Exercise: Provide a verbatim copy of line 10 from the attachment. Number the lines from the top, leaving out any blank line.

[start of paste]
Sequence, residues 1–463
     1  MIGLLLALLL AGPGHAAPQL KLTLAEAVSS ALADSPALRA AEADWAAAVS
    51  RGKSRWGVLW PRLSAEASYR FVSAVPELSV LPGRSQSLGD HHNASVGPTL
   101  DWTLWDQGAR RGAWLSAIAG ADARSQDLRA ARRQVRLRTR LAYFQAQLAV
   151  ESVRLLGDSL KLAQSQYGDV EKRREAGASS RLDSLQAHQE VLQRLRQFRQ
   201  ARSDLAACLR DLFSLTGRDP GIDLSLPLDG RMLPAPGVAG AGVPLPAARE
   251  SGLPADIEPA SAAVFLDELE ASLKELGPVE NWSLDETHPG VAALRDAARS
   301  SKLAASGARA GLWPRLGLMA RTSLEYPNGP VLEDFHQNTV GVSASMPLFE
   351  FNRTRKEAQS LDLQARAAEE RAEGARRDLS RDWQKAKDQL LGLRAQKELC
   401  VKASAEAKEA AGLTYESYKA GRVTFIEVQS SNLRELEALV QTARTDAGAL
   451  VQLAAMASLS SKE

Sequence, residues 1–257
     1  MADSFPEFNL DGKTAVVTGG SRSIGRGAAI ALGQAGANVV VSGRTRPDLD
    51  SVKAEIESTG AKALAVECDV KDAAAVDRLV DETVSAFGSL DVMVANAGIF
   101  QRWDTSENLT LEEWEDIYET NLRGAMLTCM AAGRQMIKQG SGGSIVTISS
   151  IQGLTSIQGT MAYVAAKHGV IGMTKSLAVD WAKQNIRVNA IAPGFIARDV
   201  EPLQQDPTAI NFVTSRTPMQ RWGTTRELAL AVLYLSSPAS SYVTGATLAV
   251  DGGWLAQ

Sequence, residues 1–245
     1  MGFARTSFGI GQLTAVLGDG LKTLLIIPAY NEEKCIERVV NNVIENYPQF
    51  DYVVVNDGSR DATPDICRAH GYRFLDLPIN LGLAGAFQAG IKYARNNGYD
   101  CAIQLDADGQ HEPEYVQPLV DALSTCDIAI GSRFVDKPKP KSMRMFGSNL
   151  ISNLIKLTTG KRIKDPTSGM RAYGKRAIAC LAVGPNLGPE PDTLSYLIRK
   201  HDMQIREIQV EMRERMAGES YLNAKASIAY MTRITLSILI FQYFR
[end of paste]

   401  VKASAEAKEA AGLTYESYKA GRVTFIEVQS SNLRELEALV QTARTDAGAL